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debbers58 11-17-2012 08:31 AM

hyaluronic acid
Based on a study conducted by OHSU, do you think it would be wise to take hyaluronic acid? I'm not sure I understand it... I showed itto my nutritionalist and he told me to take hyaluronic acid, but when I read it, it sounds to me like the more hyaluronic acid you have the more of the enzyme you would have that prevents remyelination? Any conclusions/ideas you have on it would be most appreciated. Thanks!

MSJayhawk 11-17-2012 09:37 AM

Re: hyaluronic acid
Once your body has destroyed the area of myelin, it is replaced by scar tissue and not by the original material. If the original myelin were replaced, you would not have as many problems as MS causes.

Hyaluronic acid (HA) is a glycosaminoglycan (GAG), which is a substance that attaches to collagen and elastin to form cartilage. It is promoted as the new elixir to remove wrinkles and lubricate knee joints. The university study believes that the myelin is blocked by the GAG which prevents it from rebuilding. However, they provide no information on blocking the GAG. They do state that their study is not a cure.

If the HA prevents the myelin from reforming, then taking it would not bring you relief. The study says that you have to block HA to allow the myelin to reform, but, again, there have been no HA blocking studies done, nor the short and long term effects which might arise. If anything, the study points in a direction worthy of further study, but due to the FDA process, you are still looking 15-20 years down the road due to the trials and studies required beyond the laboratory animals. :angel:

MSNik 11-17-2012 12:24 PM

Re: hyaluronic acid
To add to what Jayhawk so rightly pointed out, there are hundreds of studies going on world wide on how to remanufacturer myelin! Scientists obviously see the benefit of what the initial study results were and are on their way to trying to find ways to make myelin repair itself. Its not going to happen in the imediate future, but it wil eventually happen!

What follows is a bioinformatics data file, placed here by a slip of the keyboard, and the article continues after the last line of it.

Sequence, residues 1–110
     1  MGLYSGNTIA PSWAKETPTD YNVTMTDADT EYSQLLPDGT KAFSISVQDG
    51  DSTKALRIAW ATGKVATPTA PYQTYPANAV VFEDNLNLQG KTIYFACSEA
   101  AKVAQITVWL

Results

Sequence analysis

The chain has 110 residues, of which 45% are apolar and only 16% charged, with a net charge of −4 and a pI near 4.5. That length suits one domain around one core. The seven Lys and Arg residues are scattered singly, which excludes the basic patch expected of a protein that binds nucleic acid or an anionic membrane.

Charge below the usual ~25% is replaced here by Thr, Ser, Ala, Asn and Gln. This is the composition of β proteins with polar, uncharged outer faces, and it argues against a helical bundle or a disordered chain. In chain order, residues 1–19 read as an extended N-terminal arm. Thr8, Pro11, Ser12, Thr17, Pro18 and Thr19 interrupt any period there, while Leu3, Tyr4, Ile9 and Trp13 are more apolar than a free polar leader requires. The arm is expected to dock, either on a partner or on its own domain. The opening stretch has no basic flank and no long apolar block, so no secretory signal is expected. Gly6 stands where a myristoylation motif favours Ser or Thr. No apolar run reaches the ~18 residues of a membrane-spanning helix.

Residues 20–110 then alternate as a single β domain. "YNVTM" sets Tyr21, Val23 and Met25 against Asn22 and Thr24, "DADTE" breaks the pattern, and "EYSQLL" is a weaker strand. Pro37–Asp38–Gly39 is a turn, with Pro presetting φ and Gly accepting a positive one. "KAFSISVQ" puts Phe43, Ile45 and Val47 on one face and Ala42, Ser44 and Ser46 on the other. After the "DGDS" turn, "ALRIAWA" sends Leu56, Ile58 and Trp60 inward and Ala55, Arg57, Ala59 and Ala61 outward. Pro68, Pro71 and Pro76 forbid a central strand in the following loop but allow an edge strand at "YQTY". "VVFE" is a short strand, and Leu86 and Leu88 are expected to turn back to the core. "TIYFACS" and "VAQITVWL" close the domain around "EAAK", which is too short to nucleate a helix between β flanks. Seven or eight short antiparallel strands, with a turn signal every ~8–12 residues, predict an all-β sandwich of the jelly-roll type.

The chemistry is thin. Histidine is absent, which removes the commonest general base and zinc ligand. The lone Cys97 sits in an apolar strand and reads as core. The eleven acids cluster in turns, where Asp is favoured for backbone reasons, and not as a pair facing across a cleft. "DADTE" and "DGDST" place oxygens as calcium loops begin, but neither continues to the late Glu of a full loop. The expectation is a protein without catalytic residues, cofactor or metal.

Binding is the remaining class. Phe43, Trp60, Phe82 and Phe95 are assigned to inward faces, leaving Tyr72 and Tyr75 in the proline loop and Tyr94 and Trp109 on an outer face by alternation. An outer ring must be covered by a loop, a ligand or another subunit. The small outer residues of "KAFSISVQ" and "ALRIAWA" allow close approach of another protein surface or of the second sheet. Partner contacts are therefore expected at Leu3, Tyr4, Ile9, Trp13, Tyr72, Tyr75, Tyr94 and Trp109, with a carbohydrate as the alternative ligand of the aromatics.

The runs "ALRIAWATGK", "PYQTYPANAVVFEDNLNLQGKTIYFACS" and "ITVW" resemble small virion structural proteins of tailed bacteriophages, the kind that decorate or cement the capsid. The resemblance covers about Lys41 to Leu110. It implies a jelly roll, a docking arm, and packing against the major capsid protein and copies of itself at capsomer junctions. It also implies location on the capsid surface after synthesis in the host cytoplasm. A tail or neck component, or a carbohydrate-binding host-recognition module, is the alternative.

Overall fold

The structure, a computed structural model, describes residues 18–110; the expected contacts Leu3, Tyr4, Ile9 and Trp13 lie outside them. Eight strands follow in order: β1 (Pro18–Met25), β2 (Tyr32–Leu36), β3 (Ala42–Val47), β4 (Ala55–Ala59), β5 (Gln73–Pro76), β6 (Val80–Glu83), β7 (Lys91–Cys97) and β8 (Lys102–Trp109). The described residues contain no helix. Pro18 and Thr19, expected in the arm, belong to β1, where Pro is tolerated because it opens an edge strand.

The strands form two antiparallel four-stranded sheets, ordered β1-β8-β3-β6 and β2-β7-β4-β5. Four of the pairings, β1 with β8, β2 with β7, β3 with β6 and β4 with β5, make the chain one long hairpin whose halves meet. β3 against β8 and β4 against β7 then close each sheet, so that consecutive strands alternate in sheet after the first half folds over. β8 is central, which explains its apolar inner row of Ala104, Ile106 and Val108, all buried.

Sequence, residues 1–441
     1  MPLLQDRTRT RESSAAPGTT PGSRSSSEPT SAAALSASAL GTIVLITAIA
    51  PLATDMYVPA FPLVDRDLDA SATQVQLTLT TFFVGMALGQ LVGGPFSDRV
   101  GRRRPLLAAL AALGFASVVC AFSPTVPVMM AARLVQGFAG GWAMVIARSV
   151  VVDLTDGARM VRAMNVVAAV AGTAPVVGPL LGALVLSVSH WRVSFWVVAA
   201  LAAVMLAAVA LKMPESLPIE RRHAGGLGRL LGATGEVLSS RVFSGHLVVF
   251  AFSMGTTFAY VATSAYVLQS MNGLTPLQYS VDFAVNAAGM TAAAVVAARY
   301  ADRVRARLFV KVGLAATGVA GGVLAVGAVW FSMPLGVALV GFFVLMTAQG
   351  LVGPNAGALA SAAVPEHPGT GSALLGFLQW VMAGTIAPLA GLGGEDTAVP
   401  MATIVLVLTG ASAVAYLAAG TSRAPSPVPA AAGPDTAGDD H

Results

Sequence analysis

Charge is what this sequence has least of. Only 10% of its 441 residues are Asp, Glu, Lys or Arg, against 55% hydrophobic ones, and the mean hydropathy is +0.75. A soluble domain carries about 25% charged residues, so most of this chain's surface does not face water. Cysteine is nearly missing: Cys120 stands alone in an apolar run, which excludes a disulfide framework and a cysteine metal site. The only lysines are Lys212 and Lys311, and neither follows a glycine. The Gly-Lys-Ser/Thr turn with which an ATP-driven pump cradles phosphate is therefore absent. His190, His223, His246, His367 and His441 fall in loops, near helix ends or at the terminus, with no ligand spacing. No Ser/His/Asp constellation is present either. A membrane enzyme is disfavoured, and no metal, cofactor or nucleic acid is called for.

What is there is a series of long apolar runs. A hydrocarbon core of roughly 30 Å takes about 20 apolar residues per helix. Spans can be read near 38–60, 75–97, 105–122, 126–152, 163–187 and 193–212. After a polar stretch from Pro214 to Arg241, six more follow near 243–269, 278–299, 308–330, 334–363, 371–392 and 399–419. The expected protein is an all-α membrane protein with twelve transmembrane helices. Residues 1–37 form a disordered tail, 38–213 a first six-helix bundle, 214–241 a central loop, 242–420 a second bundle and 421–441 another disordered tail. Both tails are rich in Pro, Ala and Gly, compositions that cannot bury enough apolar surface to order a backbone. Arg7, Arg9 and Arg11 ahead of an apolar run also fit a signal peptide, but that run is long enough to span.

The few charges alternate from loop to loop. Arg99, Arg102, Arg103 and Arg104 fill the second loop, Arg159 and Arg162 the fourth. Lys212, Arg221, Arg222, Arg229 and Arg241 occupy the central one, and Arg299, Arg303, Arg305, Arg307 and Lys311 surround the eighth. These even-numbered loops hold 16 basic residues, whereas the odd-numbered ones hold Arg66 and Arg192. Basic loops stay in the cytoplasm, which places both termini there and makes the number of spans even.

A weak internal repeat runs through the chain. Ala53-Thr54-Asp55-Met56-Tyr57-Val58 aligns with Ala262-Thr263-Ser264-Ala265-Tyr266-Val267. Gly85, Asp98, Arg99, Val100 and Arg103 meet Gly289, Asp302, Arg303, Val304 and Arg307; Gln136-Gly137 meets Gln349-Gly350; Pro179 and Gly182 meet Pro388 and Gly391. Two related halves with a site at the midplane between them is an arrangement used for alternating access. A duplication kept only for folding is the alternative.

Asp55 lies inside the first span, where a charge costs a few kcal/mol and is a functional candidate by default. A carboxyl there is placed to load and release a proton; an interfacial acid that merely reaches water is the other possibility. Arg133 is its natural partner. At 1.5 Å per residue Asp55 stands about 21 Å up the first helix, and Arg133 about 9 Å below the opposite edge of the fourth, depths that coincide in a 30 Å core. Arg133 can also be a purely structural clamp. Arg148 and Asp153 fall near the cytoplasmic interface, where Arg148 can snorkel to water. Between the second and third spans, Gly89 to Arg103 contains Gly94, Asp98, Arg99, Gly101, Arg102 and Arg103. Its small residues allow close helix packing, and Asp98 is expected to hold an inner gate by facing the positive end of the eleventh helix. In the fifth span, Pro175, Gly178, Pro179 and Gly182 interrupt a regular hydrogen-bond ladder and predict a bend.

Willisar79 12-12-2012 11:56 PM

Re: hyaluronic acid
Hi Guys, just want to make a quick correction. It is hyaluronidase that is the problem not hyaluronic acid. H-dase is an enzyme that breaks up HA. They did block the enzyme and demonstrated significant improvements in their monkeys with an MS type disease. I can't tell you if taking HA will help you though. I was just looking up this study because my husband's latest MRI showed active lesions even though he has not had a relapse in 5 years. Larry Sherman, the researcher on this study told me about their latest results last year and I was looking to see if they were published yet. The study is exciting and gives me and my husband hope that something will be developed soon that may actually work. Thanks.

MSNik 12-13-2012 04:30 AM

Re: hyaluronic acid
Just to qualify further, hyaluronidase is actually related to Hyluranic Acid in the fact that it is an enzyme which is found in patients with MS. By utilizing Hyaluronidase, it promotes myelin-forming cell differentiation and remyelination with the MS-like disease and leads to improving nerve cell function.

Dr. Sherman's study is not appropriate for people, but animals only at this time; and is being done to try to prove both efficacy and safety in the use of Hyalunonidase. By targeting or inhibiting this enzyme, there may be a way to prevent brain and spinal cord damage from demylination.

Its exciting research, but its no where near close to an answer- it will take as long as 25 years before the use of Hyaluronidase is (if it is ever) approved by the FDA for use on humans.


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